October 19, 2012 Thanks to vigorous efforts to eradicate the poliovirus through vaccination, there are only three countries on the face of the earth where polio is still endemic. NPR reporters and editors hosted a chat on Twitter: #chasingpolio.
October 18, 2012 Despite poverty and poor sanitation, the world's second-most populous country is eradicating polio, which has afflicted India for millennia. Health officials hope India's successful war plan against polio will serve as inspiration for its archrival, Pakistan, in its own fight against the disease.
October 18, 2012 Adding a 12-year-old antibiotic to the regimen of patients with highly drug-resistant tuberculosis cured nearly 90 percent of patients in a study involving about 40 people in South Korea. The study, though small, suggests that the battle against the ancient scourge is far from lost.
October 17, 2012 Polio is deadly, but so is what's required to stamp it out once and for all in Pakistan: facing down Islamist extremists. The virus thrives in Pakistan's lawless — and largely inaccessible — tribal regions. To stop polio's spread, health workers must be courageous, clever and relentless.
October 17, 2012 Northern Nigeria is the only region in the world where the number of polio cases is on the rise. International groups have poured money and volunteers into the area to combat the disease. But vaccinators face daunting challenges — from security threats like terrorist bombings to a lack of basic resources like electricity.
October 16, 2012 During the early 20th century, polio killed thousands of American children each summer and paralyzed many more. Now, as the world fights to eradicate the virus globally, we look back at the development of the polio vaccine and its successful deployment around the world.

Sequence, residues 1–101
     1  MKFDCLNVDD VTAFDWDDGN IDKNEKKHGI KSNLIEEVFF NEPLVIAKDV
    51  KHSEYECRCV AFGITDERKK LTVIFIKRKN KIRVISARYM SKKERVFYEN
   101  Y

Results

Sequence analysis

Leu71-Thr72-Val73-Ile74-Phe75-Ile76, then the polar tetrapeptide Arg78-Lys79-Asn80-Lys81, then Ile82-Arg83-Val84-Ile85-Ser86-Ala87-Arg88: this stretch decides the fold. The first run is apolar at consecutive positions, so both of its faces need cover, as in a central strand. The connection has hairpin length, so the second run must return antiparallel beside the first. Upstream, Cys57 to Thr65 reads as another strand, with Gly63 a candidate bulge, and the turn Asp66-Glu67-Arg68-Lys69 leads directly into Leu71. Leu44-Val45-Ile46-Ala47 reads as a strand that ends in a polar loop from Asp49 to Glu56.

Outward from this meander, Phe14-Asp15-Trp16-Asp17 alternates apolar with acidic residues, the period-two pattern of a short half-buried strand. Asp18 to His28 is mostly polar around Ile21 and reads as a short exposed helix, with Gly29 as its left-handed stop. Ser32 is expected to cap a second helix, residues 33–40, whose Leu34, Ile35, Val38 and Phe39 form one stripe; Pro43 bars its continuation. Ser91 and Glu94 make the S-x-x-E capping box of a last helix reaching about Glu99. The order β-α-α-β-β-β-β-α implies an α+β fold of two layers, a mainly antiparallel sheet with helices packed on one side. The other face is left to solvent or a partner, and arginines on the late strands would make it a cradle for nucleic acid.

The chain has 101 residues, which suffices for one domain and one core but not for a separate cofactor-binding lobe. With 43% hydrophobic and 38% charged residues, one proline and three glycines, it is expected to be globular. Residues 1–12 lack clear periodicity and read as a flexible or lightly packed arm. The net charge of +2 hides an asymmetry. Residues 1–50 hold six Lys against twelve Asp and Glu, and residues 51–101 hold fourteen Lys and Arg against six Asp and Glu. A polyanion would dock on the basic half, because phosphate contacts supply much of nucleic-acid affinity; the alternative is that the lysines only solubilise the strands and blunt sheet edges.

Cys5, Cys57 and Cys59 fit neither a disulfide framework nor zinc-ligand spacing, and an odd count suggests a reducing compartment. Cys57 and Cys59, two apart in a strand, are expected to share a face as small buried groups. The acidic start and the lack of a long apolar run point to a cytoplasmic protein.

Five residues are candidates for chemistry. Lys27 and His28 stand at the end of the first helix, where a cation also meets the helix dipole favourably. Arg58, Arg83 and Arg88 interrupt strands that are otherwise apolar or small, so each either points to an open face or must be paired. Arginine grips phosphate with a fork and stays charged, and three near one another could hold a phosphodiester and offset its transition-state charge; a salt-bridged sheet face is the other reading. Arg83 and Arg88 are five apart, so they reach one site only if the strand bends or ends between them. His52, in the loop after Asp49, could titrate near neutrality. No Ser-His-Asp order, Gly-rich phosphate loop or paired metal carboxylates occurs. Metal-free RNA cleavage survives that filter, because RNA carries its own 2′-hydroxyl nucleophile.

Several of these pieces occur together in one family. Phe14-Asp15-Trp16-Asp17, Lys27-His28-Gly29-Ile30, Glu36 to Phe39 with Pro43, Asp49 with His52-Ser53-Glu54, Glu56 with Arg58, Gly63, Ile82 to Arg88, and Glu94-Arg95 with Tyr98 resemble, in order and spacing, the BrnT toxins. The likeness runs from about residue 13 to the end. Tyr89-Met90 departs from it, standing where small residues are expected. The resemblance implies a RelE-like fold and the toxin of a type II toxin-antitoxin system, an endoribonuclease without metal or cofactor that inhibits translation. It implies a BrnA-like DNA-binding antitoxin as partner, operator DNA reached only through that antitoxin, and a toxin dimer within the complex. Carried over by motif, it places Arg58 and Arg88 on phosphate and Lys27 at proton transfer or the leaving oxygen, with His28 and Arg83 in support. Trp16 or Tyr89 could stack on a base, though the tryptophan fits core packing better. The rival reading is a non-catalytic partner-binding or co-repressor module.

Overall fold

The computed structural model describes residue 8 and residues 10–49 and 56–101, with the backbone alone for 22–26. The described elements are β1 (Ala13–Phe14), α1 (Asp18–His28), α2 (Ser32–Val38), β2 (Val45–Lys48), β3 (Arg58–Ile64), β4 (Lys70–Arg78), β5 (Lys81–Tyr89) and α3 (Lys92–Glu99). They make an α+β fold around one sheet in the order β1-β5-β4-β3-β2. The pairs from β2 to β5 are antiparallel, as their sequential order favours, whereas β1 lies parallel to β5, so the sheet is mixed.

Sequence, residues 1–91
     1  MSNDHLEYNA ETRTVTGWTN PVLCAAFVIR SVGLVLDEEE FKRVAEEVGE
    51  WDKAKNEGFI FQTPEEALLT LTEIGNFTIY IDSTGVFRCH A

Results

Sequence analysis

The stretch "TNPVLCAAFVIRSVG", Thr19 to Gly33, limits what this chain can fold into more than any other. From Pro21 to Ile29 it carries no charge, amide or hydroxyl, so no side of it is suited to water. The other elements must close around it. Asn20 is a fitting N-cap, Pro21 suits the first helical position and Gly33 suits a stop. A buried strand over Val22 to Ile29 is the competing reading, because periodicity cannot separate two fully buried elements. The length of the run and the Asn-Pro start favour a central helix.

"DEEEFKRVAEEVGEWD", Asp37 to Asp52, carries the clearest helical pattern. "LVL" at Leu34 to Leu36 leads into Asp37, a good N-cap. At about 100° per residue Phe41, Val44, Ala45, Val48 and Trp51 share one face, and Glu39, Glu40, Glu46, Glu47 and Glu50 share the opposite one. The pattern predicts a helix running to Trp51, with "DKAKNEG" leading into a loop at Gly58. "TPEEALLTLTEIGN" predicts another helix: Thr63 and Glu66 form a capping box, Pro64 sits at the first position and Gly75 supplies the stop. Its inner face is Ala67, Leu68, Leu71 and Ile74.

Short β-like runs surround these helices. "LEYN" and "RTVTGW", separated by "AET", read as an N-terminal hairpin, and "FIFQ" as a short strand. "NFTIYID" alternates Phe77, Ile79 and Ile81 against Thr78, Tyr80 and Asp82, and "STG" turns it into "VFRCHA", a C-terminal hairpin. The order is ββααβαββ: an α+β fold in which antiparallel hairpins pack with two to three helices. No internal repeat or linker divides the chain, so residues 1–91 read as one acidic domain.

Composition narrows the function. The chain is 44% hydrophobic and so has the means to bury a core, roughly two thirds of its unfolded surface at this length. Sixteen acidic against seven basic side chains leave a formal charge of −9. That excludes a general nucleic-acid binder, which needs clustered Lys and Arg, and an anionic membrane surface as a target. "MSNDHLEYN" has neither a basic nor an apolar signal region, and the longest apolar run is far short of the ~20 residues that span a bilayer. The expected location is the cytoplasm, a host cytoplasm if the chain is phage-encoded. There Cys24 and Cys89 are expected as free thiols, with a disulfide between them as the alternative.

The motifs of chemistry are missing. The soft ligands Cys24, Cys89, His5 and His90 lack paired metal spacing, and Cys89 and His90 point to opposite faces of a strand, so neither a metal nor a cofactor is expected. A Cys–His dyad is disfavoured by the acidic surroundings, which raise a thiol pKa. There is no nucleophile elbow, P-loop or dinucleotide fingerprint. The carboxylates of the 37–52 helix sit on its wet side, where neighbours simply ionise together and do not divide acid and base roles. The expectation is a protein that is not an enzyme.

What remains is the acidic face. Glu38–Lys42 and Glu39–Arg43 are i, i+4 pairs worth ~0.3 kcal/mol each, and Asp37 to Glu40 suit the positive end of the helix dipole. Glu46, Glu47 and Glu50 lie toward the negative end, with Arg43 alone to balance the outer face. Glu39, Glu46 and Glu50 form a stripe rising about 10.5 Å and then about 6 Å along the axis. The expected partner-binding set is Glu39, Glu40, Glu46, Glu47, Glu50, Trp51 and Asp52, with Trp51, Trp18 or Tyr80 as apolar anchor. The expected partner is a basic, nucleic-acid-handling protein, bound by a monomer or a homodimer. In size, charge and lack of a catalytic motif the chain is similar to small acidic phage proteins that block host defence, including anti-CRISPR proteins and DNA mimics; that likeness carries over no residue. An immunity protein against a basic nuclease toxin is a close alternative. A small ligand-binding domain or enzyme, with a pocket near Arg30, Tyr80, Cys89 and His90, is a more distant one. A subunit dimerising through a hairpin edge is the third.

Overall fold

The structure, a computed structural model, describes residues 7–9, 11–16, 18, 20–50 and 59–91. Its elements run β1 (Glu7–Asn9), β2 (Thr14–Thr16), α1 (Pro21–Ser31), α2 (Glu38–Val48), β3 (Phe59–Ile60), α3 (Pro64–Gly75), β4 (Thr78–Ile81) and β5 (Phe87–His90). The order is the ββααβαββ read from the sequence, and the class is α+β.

October 11, 2012 By tracking nearly 15 million cellphones in Kenya, scientists mapped out how malaria spreads through the Texas-sized country. The findings pinpoint areas where efforts to control malaria would be the most effective. One day, the data may help guide alert systems for phones that remind travelers to use bed nets.
October 9, 2012 Because of fears that lab-altered bird flu viruses could cause a deadly pandemic if they ever escaped the lab, scientists agreed to a moratorium on mutant H5N1 flu research eight months ago. Now top scientists in the field continue the debate about the work, publishing six commentaries for and against the end of the moratorium.
October 5, 2012 At first it seemed likely that the two known cases of illness from the new cousin-of-SARS virus may have been exposed in or near the Saudi Arabian city of Jeddah. But now it's pretty certain that a 49-year-old Qatari man who had traveled to Jeddah last month didn't pick up the virus there after all.
October 5, 2012 To curb a recent Ebola outbreak in Uganda, health workers quarantined over 40 people suspected of infection with the virus. Their belongings were burned and buried in case they were harboring the virus.
October 4, 2012 NPR's global health correspondent Jason Beaubien just returned from a remote region of northern Nigeria, where he was reporting on the tragic lead poisoning of thousands of children. Beaubien chatted yesterday on Twitter about this crisis and his reporting from this rural corner of Nigeria.
October 4, 2012 For over a decade, peanut butter paste supplements like Plumpy'Nut have saved children around the world from malnutrition. Now health officials want to use the packets not just to save starving kids, but to keep them healthy in the first place. But will it work?
October 3, 2012 In northern Nigeria, some miners use crude methods to extract raw gold ore — a practice fueled by rising gold prices. But the gold here is embedded in lead, and the dust kicked up by this dirty and illegal mining has killed hundreds of children and sickened thousands more. Experts say this may be the worst case of lead poisoning in recent history.
September 30, 2012 Gold ore mined in northern Nigeria is mixed with lead. When the ore is dug up, crushed and processed, the lead escapes into the air and settles on the ground. Children are being poisoned when they swallow lead-contaminated dust and dirt.